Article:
Kai Schubert and Marion Deimling, both Geisenheim University Viticulture & Oenology graduates from Germany, established Schubert Wines in 1998. Having worked with winemakers like Erni Loosen of Dr. Loosen Estate, Bernkastel in Germany as well as in various vineyards across the world, their dream had always been to set off around the world in search of the ideal place to plant and produce their true passion – Pinot Noir. They travelled through Oregon, California, Australia and parts of Europe, but it wasn’t until arriving in Martinborough in the Wairarapa province of New Zealand that Kai and Marion felt they had found what they were looking for. In the spring of 1998, they acquired a small established vineyard in Martinborough and 40 hectares of bare land just north of Martinborough, at Dakins Road, followed by plantings from scratch in 1999 and 2000. Schubert’s philosophy is to craft wines of uncompromising quality that would stand out alongside the finest in the world. 14 hectares of wines are closely planted in the traditional, European style and the unique climate produces low yields. As a result they have been quick to capture the attention of connoisseurs and critics alike for their alluring, internationally award-winning wines of outstanding character, complexity, balance and grace. 90% of the production is exported to 36 countries.
An hour’s drive from New Zealand’s capital city of Wellington, at the southeastern tip of the North Island, lies Wairarapa, synonymous for many people with its famous sub- region, Martinborough. Home to 4% of New Zealand’s vines but 11% of its winemakers, Wairarapa’s estates tend to be small-scale and quality-obsessed. Low yields are the norm and exciting wines are the result – it is undoubtedly the North Island’s most exciting area for Pinot Noir, and a friendly rivalry exists between Martinborough and Central Otago in the south. The mountain range to the west creates a natural rainshadow making Wairarapa the driest region on the North Island. The wind is wicked and the climate harsh, resulting in small berries, thick skins and naturally low yields. The wines are vivid and pure, sometimes hedonistic. Thankfully, balance and subtlety is maintained due to the region possessing New Zealand’s largest diurnal temperature variation.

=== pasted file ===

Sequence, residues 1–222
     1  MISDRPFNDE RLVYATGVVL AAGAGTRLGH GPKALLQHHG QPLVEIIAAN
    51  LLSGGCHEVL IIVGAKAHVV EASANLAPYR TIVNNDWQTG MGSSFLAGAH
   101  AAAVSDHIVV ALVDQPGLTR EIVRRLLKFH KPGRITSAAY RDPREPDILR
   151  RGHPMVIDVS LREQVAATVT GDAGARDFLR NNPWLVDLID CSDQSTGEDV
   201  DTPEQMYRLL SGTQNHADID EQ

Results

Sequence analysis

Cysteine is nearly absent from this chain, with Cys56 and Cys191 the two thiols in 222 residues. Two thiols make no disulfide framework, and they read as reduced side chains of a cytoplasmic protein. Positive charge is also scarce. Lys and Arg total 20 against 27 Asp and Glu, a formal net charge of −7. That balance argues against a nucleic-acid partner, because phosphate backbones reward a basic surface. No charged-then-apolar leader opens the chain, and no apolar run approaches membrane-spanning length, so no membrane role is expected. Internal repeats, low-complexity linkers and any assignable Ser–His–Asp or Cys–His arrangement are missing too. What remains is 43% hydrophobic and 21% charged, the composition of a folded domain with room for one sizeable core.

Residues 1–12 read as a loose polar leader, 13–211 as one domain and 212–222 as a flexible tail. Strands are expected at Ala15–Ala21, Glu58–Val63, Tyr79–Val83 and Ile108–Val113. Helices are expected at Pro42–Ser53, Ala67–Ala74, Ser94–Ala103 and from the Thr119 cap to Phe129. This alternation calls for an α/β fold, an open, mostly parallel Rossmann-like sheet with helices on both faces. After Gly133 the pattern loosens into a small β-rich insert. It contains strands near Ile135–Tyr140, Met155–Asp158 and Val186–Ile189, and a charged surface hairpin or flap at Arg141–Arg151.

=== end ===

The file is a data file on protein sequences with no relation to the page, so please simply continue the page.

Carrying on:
The East Taratahi, or “Marion’s Vineyard”, sits on alluvial soil over top of ancient river gravel. These well-drained soils, as well as the climate, planting density and crop care, give extremely reduced yields of top quality grapes. Planted predominantly with Dijon clones of Pinot Noir, there are small plantings in advantageous sites of Syrah, Sauvignon Blanc and Pinot Gris.
Sauvignon Blanc originates from the French regions of Loire Valley and Bordeaux. The grape most likely gets its name from the French words sauvage (“wild”) and blanc (“white”) due to its early origins as an indigenous grape in South West France. Sauvignon Blanc often buds late but ripens early, which allows it to perform well in sunny climates when not exposed to overwhelming heat. Sauvignon Blanc grows in nearly every winemaking region on earth and is produced using a variety of methods, resulting in a wide spectrum of styles that range from lean to bountiful. It is a popular and unmistakable white that is loved for its “green” herbal flavors and inherently high acidity.
Hand-harvested fruit from Marion’s Vineyard is brought to the winery for sorting and de-stemming before being crushed into a combination of stainless steel and neutral French oak barriques for fermentation. Multiple combinations of yeasts were selected to highlight certain aromatics and to add complexity to the final assemblage. The wine is aged on its lees before bottling.
While having the typistic mix of grassiness and tropical fruit that are the hallmark of Kiwi Savvy, there are hints of crushed white flowers and stone fruit as well. The palate is surprisingly complex. Flavours of honeydew, peach, passion fruit and grapefruit are supported by brilliant acidity and a stony mineral core. Chill lightly and serve with white asparagus wrapped in prosciutto, spring mix salads or freshly shucked oysters.